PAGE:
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Sweden proposes tougher anti-terror laws in response to Turkey’s demands

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Sweden’s government on Thursday proposed new legislation to ban activities linked to extremist groups, in a move to toughen anti-terror laws, a key demand from Turkey to approve Stockholm’s bid to join NATO, Agence France-Presse reported.

The proposed legislation widens the scope of activities that can be prosecuted.

“This is a wider criminalization that takes aim at a slew of activities within a terrorist organization that don’t need to be concretely connected to a specific terrorist crime,” Justice Minister Gunnar Strommer told a press conference.

Actions such as handling equipment, organizing camps or locations for meetings, cooking or being in charge of transport for designated terrorist organizations would be criminalized under the new law, which Strommer stressed was a “considerable widening of the scope compared to current legislation.”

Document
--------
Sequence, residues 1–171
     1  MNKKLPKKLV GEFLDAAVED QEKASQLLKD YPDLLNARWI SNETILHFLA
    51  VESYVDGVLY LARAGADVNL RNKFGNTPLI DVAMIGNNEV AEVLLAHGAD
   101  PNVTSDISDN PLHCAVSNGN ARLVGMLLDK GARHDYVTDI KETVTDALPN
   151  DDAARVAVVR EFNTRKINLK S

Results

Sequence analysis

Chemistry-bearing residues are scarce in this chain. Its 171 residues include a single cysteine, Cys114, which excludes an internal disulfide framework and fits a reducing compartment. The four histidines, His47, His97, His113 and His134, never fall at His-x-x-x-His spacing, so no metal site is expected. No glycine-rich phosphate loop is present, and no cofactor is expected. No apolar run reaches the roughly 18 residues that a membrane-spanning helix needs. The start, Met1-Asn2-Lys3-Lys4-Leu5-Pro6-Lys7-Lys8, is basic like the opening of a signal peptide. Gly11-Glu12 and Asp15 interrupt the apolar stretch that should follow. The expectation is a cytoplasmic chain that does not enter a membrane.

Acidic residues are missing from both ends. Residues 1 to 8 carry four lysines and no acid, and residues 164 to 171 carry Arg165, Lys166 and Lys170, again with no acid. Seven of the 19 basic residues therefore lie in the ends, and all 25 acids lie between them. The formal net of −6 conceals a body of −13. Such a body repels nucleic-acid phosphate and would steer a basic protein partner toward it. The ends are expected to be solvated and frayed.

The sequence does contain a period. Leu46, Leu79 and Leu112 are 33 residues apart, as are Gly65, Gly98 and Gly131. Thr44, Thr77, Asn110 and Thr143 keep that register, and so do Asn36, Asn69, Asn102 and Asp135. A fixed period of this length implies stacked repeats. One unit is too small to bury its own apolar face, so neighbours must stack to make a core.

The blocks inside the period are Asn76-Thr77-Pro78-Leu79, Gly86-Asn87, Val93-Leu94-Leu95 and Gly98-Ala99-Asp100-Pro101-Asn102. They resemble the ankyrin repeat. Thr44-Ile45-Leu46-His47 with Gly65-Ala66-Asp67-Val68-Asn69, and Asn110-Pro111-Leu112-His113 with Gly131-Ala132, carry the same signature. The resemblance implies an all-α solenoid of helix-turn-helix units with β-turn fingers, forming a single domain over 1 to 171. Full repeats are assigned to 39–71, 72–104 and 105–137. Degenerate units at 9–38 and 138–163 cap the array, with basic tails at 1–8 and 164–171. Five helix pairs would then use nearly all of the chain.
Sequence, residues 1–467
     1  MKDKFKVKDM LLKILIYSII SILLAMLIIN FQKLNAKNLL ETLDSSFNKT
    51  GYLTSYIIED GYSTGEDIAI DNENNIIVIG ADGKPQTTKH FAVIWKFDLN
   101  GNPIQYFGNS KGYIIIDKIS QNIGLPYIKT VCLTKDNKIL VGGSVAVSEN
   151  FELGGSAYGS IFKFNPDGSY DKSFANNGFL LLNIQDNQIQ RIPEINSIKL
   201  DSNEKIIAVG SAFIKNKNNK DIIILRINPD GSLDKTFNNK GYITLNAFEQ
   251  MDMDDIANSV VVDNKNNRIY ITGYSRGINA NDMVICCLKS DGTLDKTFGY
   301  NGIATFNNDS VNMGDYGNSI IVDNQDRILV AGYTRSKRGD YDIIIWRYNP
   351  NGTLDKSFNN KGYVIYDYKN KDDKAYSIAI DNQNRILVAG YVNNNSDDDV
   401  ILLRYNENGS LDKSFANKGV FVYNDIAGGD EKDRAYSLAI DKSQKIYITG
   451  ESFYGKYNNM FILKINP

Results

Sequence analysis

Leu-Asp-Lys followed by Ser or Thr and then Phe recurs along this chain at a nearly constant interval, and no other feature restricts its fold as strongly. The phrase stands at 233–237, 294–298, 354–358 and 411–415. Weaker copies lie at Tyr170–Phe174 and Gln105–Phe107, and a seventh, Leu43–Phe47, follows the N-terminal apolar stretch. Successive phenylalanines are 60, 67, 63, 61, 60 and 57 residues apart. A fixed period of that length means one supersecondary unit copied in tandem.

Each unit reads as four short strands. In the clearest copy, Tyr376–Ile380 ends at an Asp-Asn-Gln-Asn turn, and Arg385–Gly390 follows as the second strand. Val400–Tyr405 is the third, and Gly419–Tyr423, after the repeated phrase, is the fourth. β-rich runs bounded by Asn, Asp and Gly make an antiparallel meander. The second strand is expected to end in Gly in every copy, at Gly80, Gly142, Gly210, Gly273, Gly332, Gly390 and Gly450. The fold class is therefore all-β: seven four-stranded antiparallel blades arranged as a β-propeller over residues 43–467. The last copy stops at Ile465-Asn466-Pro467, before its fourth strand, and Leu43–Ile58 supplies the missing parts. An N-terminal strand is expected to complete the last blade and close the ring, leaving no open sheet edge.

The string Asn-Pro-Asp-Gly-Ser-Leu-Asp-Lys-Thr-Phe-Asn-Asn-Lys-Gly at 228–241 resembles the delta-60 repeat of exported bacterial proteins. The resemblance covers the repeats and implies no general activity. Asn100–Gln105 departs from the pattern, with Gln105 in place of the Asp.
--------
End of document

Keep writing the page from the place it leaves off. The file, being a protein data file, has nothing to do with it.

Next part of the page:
In November the country amended its constitution to allow the proposed bill to move forward, as it was deemed to infringe on Sweden’s freedom of association laws.

The government intends to put the draft legislation to a vote in parliament in March, with the aim of it entering into force in June.

Sweden has been adopting tougher anti-terror laws since 2017, when an Uzbek asylum seeker who had sworn allegiance to the Islamic State in Iraq and the Levant group (ISIL) drove a truck down a busy shopping street in Stockholm, killing five people.

Cracking down on extremist groups has also been a key demand from Ankara before it will approve the country’s stalled bid to join NATO.

After Russia invaded Ukraine, Sweden and Finland abandoned their long-held policy of non-alignment and applied to join the military alliance in May 2022.

But Turkey has blocked the bids, accusing Sweden in particular of providing a safe haven for what it considers “terrorists,” especially members of the Kurdistan Workers’ Party (PKK).

Among other things, pro-Kurdish demonstrations in Sweden, where PKK flags have been common, have been a thorn in Ankara’s side.

But Strommer noted that “taking part in a demonstration or a meeting will not in itself be punishable.”

He also said flag-waving in itself would not be criminalized but that such activities could potentially be used as evidence in court.

Negotiations between Sweden and Turkey have stalled since Turkish President Recep Tayyip Erdoğan criticized Swedish police for allowing a far-right activist to burn a copy of the Koran outside Turkey’s Stockholm embassy.

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